Page:A cyclopedia of American medical biography vol. 2.djvu/313

This page needs to be proofread.




physician, 1845; and during Buchanan's administration, surgeon of the Marine Hospital in Detroit. He was elected president of the American Medical Association at its meeting in Detroit, 1856, and was editor of the "Peninsular Medical Journal," 1855-56-58; he was president of the Old Territorial Medical Society during fourteen years; president of the Michigan State Medical Society, 1855-56; a founder of the Sydenham Society; a founder of Detroit Medical Society, 1852-58. Zina Pitcher was versed in the habits of beasts and birds; his contributions to Indian materia medica were classic. His perception of scientific facts was imusually quick and his memory tenacious. In driving through the country he at once detected an unfamiliar plant or animal, secured a specimen and determined its place. While in Texas he collected many fossils and forwarded them to the Philadelphia Academy of Natural Sciences. Studies of these and alhed collections were the basis of Dr. S. G. Morton's work entitled "Cretaceous System of the United States." One of the specimens is known as "Gryphoea Pitcheri." In "Gray and Torrey's Flora of the United States" several new species are named after Dr. Pitcher in acknowledgment of his service to botany. So general is the use of hot water in checking hemorrhage that few remember that it originated with Dr. Pitcher. His home was at the service of the sick; he was known to have taken a stranger suffering from small-pox into his home, and both nurse and doctor him to recovery. Moreover, to him the Bible was a guide, a counsellor and inspiration.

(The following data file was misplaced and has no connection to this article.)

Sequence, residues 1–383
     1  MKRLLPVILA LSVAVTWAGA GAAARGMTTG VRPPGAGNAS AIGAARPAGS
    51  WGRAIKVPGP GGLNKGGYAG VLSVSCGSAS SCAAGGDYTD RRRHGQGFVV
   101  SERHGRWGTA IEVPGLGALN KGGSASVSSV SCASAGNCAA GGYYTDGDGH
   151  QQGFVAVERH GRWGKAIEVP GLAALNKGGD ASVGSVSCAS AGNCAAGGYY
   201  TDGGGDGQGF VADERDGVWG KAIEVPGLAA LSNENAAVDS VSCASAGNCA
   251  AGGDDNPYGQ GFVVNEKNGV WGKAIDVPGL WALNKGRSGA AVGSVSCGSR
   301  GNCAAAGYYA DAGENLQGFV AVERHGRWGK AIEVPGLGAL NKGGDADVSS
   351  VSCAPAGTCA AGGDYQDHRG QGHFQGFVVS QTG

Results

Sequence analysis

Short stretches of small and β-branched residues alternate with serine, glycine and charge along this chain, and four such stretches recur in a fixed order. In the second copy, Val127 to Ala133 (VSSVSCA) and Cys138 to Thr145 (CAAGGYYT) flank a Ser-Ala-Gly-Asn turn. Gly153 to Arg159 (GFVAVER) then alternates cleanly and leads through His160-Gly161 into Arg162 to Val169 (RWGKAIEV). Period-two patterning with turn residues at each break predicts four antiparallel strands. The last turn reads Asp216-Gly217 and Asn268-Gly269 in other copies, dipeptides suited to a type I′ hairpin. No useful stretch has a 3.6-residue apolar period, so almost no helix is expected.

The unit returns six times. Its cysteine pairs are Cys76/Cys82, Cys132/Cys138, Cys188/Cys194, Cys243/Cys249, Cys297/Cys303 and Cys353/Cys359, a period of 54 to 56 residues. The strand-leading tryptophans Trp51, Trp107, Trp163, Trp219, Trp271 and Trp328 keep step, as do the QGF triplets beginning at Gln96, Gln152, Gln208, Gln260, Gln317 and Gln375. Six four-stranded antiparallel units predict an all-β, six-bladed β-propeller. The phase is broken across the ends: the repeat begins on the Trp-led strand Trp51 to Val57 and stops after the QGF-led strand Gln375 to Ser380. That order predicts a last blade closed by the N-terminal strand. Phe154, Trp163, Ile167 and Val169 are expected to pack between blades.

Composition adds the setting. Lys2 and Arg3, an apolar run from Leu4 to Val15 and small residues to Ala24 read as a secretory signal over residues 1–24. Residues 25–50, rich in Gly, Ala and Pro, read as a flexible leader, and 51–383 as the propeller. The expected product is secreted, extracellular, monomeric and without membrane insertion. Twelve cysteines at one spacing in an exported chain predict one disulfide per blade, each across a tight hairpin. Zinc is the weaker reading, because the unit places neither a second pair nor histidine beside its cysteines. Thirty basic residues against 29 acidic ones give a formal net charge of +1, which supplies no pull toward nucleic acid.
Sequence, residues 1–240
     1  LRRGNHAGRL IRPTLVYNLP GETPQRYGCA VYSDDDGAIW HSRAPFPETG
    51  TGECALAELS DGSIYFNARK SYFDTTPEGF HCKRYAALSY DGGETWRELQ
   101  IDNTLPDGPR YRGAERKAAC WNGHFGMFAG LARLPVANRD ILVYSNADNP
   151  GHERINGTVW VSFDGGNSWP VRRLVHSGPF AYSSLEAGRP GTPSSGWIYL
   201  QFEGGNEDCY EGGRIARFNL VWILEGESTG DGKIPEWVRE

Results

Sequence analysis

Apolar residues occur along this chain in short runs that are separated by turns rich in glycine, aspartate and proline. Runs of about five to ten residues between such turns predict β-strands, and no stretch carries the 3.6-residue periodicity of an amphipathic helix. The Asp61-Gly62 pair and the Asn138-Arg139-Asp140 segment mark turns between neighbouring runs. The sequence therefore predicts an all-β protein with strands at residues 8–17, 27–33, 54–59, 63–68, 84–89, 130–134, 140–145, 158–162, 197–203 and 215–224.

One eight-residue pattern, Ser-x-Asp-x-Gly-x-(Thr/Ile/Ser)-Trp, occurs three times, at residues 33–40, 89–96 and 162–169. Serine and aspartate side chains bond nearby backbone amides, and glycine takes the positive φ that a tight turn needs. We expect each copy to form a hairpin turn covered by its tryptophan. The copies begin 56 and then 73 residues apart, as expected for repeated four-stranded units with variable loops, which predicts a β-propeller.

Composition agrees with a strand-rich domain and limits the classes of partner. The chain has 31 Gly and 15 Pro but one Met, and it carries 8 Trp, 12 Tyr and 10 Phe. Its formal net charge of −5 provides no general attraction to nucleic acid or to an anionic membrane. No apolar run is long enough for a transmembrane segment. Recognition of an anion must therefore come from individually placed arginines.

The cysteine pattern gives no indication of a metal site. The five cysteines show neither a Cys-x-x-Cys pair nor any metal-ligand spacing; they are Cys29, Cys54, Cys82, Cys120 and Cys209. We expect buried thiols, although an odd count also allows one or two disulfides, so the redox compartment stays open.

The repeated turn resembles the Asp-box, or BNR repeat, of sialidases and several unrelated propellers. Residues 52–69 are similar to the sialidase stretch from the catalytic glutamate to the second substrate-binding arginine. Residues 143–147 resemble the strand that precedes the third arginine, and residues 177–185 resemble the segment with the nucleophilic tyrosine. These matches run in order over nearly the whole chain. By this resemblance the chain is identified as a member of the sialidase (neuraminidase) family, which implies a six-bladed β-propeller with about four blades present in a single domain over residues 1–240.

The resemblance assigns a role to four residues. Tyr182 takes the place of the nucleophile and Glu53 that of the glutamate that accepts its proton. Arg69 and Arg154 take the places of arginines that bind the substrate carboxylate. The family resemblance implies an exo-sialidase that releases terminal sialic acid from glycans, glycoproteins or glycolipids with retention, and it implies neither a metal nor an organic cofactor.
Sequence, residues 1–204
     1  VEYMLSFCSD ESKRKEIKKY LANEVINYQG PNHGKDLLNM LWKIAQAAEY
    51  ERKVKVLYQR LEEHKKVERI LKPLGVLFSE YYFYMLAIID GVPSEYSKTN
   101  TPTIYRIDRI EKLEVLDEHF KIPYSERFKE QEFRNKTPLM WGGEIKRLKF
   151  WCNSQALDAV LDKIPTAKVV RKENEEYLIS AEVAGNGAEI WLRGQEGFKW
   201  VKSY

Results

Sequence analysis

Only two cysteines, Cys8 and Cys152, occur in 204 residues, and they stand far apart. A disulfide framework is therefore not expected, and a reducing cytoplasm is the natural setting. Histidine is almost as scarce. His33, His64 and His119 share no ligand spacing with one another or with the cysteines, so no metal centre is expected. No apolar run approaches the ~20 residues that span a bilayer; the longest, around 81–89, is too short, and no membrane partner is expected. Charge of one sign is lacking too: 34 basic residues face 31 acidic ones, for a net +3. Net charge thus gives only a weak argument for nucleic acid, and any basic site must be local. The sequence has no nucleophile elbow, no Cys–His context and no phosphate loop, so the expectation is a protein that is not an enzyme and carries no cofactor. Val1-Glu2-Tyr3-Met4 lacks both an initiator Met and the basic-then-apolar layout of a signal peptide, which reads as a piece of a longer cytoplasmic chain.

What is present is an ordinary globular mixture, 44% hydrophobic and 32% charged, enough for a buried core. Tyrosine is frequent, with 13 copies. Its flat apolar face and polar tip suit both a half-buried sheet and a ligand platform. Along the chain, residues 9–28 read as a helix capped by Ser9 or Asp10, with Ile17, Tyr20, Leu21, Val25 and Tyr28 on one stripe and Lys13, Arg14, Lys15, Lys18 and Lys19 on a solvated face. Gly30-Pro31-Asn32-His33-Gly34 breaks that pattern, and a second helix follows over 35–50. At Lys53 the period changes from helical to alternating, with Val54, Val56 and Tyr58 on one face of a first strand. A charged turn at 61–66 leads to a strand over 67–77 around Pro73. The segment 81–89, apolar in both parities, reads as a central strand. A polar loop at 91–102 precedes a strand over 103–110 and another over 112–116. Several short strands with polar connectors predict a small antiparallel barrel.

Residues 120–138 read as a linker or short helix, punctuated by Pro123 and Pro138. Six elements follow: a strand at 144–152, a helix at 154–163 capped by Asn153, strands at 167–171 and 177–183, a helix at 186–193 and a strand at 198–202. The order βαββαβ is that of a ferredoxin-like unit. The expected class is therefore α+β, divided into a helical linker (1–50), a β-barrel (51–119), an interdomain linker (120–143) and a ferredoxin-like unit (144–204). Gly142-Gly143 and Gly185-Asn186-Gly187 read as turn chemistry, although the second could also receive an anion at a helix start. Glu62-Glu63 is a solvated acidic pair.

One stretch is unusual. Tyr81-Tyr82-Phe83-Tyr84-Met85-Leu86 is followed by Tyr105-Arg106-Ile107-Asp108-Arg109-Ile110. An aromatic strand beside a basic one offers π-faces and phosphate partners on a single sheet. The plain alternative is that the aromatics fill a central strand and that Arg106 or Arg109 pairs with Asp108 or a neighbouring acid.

In 1824 Zina Pitcher married Ann Shel- don, of Kalamazoo, Michigan, and had a son (Nathaniel) and daughter (Rose), the mother dying in 1864. In 1867 he married Emily Backus, grand-daughter of Col. Nathaniel Rochester, of Virginia, the founder of Rochester, New York, and on the death of DeWitt Clinton, acting governor of New York.

Dr. Pitcher died April 5, 1872, from unoperated stone in the bladder.

His papers included:

1832. "Penetrating Wound of the Abdomen and Section of the Intestinal Canal Successfully Treated on the Plan of Ramdohr." ("American Journal, Medical Sciences," vol. x, p. 42.) (Under the conditions this was a remarkable piece of surgery.)

1852. "Report of Committee on Epi- demics of Ohio Indians and Michigan." (By G. Mendenshall and Zina Pitcher; Ibid.)

1853. "Are Typhus and Typhoid Fevers Identical?" ("Peninsular Med- ical Journal," vol. i, second series.

1853. "Epilepsy Treated by Ligation of the Common Carotid Artery." (" Pen- insular Medical Journal," vol. i, pp. 8-10.)

1854. "Medicine of American In- dians." (Part 4, pp. 502-519, of Schoolcraft's " Information Respecting the History and Prospects of the Indian Tribes of the United States," Philadel- phia, 1854.)

1855. "On the Induction of Puerperal Fever by Inoculation." ("Peninsular Medical Journal," vol. ii.)

1855. "Amputation in Utero." (Ibid., vol. iii.)

1855. "Malformation of the Heart." (Ibid., vol. iii.)

1855. "Report on the Epidemics of Ohio Indians and Michigan for the Years 1852-53." (G. Mendenhall and Zina Pitcher, "Transactions, American Med- ical Association," vol. vii, presented in 1854.)

1856. "Scurvy from Moral Causes." ("Peninsular Medical Journal," vol. iii.)

1856. "Case of Vicarious Menstrua- tion Showing also the Morbid Relations of the Colon and Uterus." (Ibid., vol. iv.)

1857. "Morbus Coxarius." (Ibid., vol. iv.)

1857. "Alterative Influence of Valvu- lar Heart Disease in Pulmonary Tubercu- losis." (Ibid., vol. V.)

1858. "Chnical Instruction." ("Pen- insular and Independent Medical Jour- nal," vol. i. Response to A. B. Palmer.)

1858. "On the Influence which Theo- retical Opinions in Medicine have Exer-